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Meet the tomb raiders plaguing Claudy cemetery


Crows' feat: one of the birds on a gravestone in Claudy

Crows' feat: one of the birds on a gravestone in Claudy

Martin McKeown

Caretaker Kevin O'Kane

Caretaker Kevin O'Kane

Martin McKeown


Crows' feat: one of the birds on a gravestone in Claudy

There can be few things more distressing than the idea that someone has been tampering with a loved-one's grave, so when stones started disappearing from graves in a Co Londonderry parish, all the stops were pulled out to find the culprit.

After a spot of nifty detective work, it transpired the thieves were not of the two-legged variety suspected, but a whole flock of crafty crows who stripped bare the five graves.

A lot of head scratching preceded the discovery, as not all the graves were being targeted but only the ones which had been covered with smooth, shiny stones.

Kevin O'Kane, caretaker of the graveyard in Claudy, was determined to solve the mystery, suspecting there was more behind it.

He explained: “People were saying to me that they had noticed stones disappearing off their family graves.”

And it wasn't just a few stones, it was all of the them and they were upset about it. No one likes to think that somebody would be messing about with a grave.

“We just couldn't figure it out so one day I was determined I was going to get to the bottom of it so I hid behind the bushes and stone me but you could have knocked me down with a feather after I saw what was happening.

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“It was like an airport the way the crows were descending on the graveyard.

“A couple would sit on the top of the headstone watching all around them while another few were on the actual grave and lifting all the stones. Then they would fly off and the ones who had been sitting on the headstone would swoop down and take their fill.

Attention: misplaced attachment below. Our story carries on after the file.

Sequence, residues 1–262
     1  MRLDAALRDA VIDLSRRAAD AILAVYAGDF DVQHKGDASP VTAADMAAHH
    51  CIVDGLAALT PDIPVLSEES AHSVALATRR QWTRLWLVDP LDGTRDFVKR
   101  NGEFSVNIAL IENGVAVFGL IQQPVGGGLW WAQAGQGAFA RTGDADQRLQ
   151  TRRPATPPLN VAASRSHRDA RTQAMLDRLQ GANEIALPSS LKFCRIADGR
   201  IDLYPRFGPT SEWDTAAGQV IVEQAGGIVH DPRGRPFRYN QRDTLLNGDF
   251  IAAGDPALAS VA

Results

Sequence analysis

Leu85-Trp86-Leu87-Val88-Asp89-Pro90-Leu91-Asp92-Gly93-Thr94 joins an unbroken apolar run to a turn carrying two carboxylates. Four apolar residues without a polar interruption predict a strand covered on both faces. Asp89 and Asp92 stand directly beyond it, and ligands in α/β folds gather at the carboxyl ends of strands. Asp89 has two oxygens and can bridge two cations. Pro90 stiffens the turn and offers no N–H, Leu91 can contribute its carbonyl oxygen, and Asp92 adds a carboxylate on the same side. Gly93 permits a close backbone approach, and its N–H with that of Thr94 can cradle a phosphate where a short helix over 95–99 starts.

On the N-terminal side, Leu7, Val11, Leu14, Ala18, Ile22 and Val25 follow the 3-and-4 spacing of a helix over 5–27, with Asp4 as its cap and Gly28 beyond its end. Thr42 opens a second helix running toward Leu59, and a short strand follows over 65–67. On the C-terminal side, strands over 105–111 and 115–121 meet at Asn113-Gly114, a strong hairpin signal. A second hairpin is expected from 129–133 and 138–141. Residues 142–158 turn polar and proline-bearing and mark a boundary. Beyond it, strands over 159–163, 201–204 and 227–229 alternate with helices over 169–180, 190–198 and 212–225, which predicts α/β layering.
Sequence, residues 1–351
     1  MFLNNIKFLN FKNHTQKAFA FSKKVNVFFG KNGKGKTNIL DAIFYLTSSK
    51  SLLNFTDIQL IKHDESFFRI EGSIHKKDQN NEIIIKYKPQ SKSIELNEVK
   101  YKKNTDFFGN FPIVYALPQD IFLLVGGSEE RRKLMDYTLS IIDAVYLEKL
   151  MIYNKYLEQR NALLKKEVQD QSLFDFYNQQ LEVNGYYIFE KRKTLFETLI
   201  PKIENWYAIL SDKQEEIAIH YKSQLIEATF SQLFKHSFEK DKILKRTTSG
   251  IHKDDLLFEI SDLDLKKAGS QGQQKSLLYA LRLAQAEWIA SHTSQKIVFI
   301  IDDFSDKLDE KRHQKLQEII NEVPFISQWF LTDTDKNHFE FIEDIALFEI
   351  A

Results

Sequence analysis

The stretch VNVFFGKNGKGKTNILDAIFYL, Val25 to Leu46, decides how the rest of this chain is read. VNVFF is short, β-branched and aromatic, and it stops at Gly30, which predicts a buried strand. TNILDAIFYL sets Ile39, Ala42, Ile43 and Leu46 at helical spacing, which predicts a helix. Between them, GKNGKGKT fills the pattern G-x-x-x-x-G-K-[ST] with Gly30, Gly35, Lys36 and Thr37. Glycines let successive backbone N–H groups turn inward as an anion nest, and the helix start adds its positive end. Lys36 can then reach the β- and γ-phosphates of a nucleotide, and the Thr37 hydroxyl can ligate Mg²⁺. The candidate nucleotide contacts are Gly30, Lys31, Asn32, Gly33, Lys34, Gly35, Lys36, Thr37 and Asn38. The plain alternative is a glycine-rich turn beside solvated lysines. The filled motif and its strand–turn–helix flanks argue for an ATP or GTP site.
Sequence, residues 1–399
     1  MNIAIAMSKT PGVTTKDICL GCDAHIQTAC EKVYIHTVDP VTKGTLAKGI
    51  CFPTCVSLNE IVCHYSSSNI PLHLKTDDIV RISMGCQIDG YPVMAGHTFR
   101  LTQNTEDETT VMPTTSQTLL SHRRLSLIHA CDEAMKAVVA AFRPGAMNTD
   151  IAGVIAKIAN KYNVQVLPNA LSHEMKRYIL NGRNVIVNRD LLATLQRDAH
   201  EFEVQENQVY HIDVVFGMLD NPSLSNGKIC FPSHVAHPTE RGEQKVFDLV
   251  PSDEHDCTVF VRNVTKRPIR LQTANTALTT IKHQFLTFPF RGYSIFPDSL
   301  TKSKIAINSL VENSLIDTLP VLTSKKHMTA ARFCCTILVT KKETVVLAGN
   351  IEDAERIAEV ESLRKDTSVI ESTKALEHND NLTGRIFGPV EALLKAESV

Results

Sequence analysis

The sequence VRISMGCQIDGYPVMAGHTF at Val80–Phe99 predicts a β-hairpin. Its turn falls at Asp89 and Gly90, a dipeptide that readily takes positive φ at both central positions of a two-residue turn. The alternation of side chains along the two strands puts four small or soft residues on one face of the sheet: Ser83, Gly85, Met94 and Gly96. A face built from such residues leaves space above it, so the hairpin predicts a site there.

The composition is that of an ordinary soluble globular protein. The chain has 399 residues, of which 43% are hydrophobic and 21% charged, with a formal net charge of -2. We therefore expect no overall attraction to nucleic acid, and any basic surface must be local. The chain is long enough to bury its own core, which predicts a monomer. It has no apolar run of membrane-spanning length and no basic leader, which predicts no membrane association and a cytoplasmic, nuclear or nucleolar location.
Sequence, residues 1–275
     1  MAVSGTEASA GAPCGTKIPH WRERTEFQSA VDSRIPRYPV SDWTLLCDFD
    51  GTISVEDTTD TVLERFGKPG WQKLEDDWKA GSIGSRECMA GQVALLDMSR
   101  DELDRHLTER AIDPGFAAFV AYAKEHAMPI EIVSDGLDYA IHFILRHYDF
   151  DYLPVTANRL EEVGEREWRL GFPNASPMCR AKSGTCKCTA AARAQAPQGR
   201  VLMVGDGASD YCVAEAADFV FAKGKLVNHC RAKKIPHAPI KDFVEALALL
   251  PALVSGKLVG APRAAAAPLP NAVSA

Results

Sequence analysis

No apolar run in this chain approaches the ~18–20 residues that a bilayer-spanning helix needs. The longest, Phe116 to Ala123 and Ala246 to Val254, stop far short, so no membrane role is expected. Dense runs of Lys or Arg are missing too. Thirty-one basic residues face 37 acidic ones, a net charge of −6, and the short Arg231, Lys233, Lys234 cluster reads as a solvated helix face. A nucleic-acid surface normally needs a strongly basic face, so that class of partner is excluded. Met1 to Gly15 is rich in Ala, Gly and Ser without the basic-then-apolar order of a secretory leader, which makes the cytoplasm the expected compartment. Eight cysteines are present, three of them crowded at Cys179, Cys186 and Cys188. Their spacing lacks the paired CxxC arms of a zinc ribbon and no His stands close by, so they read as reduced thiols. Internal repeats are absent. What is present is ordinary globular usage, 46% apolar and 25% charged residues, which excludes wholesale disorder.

“I met one of the women whose family grave was stripped bare and I told her I had found the thief. She asked if it was someone local and I said, ‘well it is and it isn't but you'll hardly believe me’.

“I could hardly believe it myself and I got another couple of men who were about the place to watch with me, but I was glad to be able to tell the families what it was because at least it gave them peace of mind.

“One family had put plastic covering down and held it in place with ornaments but the crows actually got the edge of the plastic and lifted it up like it was the cover of a book.”

Mick Conway, DoE's Environmental Educator at the Roe Valley Country Park, believes he has shed some light on the matter.

He explained: “Crows are extremely intelligent, more than even chimpanzees, but in spite of this they have only three concerns and these are avoiding danger, breeding and finding food — which is what I think these crows were about.

“They would normally eat the larvae of daddy longlegs and the shape and texture of these stone are similar and I believe one rook may have mistaken the stones for a larvae and the rest have copied the first one.”

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